DETROIT (Reuters) - Ford Motor Co F.N next week will show the next generation of its brawny F-150 pickup truck that offers a new sleeper-seat feature and over-the-air software updates in a machine Ford is counting on to help pay off coronavirus-related debts.
The new F-150, part of the best-selling vehicle line in the United States, accounts for $50 billion in annual revenue, and a significant share of Ford's annual profit. While Tesla Inc TSLA.O and General Motors Co GM.N have moved faster on over-the-air software upgrades and high-speed in-vehicle data networks, the new F-150 will bring such technology squarely into the mainstream.
The new truck, expected to launch later this year, is a critical plank in Chief Operating Officer Jim Farley’s plan to slash $5 billion in warranty costs, speed Ford’s push into vehicle connectivity and add to the No. 2 U.S. automaker’s already-strong position in the North American commercial vehicle market.
Ford has borrowed more than $20 billion to ride out the economic shock from the coronavirus pandemic. Profit from the new F-150 will be key to paying that money back.
Ford is not taking big risks with the exterior look of the new truck given its sales dominance, instead focusing on improving the interior, according to those who have seen it. Ford is scheduled to publicly show for the first time the new F-150 online on June 25.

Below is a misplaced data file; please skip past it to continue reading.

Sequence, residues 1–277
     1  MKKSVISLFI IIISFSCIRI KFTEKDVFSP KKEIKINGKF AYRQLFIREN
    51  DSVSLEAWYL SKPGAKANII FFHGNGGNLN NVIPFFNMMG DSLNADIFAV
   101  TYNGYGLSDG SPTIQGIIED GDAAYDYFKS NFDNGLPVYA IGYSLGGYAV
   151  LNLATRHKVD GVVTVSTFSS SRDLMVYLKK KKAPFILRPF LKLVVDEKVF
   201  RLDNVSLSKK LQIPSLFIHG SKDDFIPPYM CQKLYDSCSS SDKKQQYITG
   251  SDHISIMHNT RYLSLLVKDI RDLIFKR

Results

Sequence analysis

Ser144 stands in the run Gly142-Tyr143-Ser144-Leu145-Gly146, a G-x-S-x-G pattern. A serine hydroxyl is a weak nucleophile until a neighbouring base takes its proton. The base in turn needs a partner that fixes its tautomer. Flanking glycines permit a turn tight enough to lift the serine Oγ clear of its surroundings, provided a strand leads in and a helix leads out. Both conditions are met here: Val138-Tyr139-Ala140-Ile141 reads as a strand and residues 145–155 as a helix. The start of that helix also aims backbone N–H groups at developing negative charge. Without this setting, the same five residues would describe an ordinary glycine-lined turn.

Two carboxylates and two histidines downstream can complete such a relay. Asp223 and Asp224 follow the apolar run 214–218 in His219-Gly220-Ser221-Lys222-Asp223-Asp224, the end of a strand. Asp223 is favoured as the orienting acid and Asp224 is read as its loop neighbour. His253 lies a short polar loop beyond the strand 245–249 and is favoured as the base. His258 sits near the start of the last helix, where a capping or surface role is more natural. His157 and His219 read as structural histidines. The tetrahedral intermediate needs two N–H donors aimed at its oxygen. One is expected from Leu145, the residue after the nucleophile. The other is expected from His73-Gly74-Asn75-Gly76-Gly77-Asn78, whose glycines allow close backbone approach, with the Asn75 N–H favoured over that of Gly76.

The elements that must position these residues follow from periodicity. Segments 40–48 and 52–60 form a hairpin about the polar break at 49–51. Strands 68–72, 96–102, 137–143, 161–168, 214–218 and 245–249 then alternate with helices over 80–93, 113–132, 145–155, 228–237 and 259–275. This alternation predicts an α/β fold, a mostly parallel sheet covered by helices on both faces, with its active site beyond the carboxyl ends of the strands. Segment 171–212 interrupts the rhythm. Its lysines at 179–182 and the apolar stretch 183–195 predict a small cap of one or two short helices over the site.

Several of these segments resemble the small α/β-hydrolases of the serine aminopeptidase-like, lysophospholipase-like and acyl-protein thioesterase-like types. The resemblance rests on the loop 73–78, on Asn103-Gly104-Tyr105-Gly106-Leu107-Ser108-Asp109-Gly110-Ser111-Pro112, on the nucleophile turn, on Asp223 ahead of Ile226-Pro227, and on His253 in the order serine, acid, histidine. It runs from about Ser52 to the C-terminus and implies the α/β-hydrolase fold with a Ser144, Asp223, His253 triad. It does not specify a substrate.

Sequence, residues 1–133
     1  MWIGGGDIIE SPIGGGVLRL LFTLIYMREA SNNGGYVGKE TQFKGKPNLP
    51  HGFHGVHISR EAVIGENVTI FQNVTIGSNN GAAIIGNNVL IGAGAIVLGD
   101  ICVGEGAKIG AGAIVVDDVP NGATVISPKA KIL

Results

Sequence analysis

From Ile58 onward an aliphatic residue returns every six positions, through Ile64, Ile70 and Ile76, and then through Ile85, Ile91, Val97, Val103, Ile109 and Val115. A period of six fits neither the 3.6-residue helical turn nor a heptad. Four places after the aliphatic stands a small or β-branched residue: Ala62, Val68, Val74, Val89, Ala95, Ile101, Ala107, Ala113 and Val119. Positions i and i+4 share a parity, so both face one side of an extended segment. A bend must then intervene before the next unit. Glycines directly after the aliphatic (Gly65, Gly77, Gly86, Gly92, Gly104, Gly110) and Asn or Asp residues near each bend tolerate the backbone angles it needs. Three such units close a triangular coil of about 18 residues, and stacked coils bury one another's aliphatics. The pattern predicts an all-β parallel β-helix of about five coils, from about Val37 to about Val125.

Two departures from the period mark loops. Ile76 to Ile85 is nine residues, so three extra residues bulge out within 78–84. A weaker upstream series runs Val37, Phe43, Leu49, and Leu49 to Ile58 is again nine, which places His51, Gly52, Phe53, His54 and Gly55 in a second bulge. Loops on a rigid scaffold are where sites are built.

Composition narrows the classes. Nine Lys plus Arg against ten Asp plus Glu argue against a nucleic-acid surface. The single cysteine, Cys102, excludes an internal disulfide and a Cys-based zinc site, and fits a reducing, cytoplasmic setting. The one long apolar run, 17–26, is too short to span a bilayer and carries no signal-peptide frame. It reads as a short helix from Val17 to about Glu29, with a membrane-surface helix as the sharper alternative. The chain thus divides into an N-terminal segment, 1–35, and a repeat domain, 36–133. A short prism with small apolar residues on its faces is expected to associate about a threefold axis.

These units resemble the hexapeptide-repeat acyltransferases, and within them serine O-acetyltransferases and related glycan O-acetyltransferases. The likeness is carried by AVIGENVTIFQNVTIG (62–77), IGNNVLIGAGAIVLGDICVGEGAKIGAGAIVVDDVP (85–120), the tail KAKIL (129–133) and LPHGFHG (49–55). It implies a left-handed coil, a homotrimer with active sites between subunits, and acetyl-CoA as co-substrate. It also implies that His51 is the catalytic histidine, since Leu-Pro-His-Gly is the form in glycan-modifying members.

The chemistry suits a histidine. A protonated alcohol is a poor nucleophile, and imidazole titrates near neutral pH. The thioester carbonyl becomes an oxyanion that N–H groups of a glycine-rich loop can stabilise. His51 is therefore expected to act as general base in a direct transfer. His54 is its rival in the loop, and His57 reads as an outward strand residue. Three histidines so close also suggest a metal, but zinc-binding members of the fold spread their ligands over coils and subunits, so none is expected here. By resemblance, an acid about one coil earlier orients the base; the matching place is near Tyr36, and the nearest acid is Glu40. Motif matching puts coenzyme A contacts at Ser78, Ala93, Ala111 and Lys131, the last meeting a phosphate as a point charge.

“It’s really about technology and productivity,” Farley said at a Deutsche Bank conference on June 10.
One prominent feature will be the lay-flat passenger seat like those seen in first-class cabins on some planes, said a person familiar with the plans who asked not to be identified. “You can basically live in the truck,” the person said.
Ford's nicer interior, including a larger display screen, follows a similar move by Fiat Chrysler Automobiles NV FCHA.MIFCAU.N with its new Ram truck, which received enthusiastic reviews for its stylish interior and optional 12-inch display screen.
“Ram taught everybody a little bit of a lesson,” said Rhett Ricart, owner of Ricart Ford in Columbus, Ohio. “The old 5-inch screen for your navigation and radio controls is gone. They’re all going to be 10-, 12-, 15-inch screens. That was started by Tesla.”
The F-150’s new electrical architecture will allow Ford to provide over-the-air updates to key modules controlling the vehicle, replacing trips to the dealership.
The new truck’s connectivity also will help Ford boost sales to commercial customers, and reduce warranty costs, Farley told investors.
The F-Series truck has been around since 1948, while the F-150 debuted in 1975. Sales of the current version have remained strong despite its age, and the new model could help Ford hold or even build its position in the segment, said Sandy Munro, chief executive of Michigan-based consulting firm Munro & Associates.
“If they add the same stuff as what Ram did and if they can add more stuff like Tesla’s doing, there’ll be a gigantic gap between Ford, and Ram and Chevy,” he said.
The key for Ford will be to avoid the kinds of costly production problems that hobbled the launch of the new Explorer SUV last year. Ford acknowledged it erred in trying to launch the Explorer and Lincoln Aviator simultaneously while breaking in a new assembly line at its 95-year-old plant in Chicago.
Farley has been visiting the plants in Dearborn, Michigan, and Kansas City, Missouri, that will build the new F-150. Despite delays related to the virus, he said the launch is in “really good shape.”
Reporting by Ben Klayman in Detroit; Editing by Matthew Lewis
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